Narrative Overview of Translation of a Community Palliative Care Intervention at Nadia district, West Bengal
This is an open access journal, and articles are distributed under the terms of the Creative Commons Attribution-NonCommercial-ShareAlike 4.0 License, which allows others to remix, tweak, and build upon the work non-commercially, as long as appropriate credit is given and the new creations are licensed under the identical terms.
This article was originally published by Wolters Kluwer - Medknow and was migrated to Scientific Scholar after the change of Publisher; therefore Scientific Scholar has no control over the quality or content of this article.
MacCormack has recommended the collaboration of an anthropologist or rural sociologist with field experience in planning the community participation aspects of healthcare. However, such involvement and its impact have not been captured in the study by Vijay et al., 2018 on their translational study of palliative care intervention in Krishnanagar an surrounding areas at Nadia district, Bengal (although the 2nd author is an anthropologist). This paper provides few other issues which needs to considered for translation of palliative care intervention in Nadia district. Coming to reflexivity, the author is a 6th generation resident of Krishnanagar, Nadia with graduate school training in social sciences. She has been working as a Palliative Care social worker in West Bengal for almost a decade. She has run her individual project in Nadia district funded by the British Council from 2010-15.
Promoting community participation is a skill which must be taught to community health workers and backed up with support services. The genuine commitment of medical staff to community self-help is crucial to the motivation process. Information about the motivation and strategies taken by the Health professionals to create an effective partnership with community is not available. Motivation within the community quickly breaks down if materials, expertise, and salaries fail to arrive when promised. Information about how the flows of these resources were ascertained is not clear from the paper. Community activities are most successfully promoted with reference to the people's own ideas of health/illness and therefore such information is essential before translation takes place. Information about the social values of the community has been missing from the paper. In addition, information about common interest of the community (other than the health) is not known. Guidelines for successful community participation include projects undertaken should be ones that the community has identified as a priority; but the project seems to be undertaken at the top-level (MacCormack, 1983). In the absence of this information, future translators do not get adequate information whether translation is better in divergent communities or in communities with common interests.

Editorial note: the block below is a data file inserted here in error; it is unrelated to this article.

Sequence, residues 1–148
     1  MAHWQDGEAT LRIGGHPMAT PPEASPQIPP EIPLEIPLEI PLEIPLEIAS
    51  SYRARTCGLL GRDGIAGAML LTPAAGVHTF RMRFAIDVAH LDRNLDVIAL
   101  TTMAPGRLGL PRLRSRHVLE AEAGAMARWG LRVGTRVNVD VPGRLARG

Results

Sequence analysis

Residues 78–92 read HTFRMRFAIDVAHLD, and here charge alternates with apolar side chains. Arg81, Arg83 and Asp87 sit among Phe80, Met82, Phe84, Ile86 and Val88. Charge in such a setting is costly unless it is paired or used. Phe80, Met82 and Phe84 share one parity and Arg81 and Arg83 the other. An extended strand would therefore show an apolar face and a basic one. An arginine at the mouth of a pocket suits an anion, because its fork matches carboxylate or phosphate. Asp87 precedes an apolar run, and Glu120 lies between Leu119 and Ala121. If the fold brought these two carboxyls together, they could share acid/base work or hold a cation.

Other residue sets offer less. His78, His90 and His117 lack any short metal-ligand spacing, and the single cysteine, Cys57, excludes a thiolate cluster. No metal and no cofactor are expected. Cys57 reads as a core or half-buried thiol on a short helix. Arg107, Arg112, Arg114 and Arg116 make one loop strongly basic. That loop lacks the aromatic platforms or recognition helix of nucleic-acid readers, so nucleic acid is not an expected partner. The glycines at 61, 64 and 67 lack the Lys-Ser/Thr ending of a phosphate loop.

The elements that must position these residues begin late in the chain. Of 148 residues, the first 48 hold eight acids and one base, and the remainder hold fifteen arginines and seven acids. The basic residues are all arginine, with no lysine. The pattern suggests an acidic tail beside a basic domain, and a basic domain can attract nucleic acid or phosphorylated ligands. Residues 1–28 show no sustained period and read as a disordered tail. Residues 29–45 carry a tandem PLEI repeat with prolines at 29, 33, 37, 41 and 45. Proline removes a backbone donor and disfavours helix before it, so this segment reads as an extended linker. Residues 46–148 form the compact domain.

The guidelines and checklists for community-based participation and initiatives should be checked before taking up such community involvement projects.
Information about the mapping of the coverage area of the project and what functionality issues arose in which coverage areas are also not available. The catchment area of the project would have been useful.
Information about the reflexivity of the researchers has been missing from the paper.
The paper shows the strength of the project through the key leadership of District Magistrate, doctors, affiliation of IPM from Kerala. The paper also mentions about the dynamics of empowering women – but we are not sure about the motivation behind it. The paper continues to see the women in career roles. However, this raises an important question about what happens when women are sick. The paper does not provide information about how the model works when women are the care recipients.
Although the paper talks about the challenges in local fund generation, information about the strategies to make the project financially solvent through local fund generation is not available.
Information about the entire schema of the regulatory structure of the palliative care in the community is also not available. For example, information about what happens between the two home visits is not known.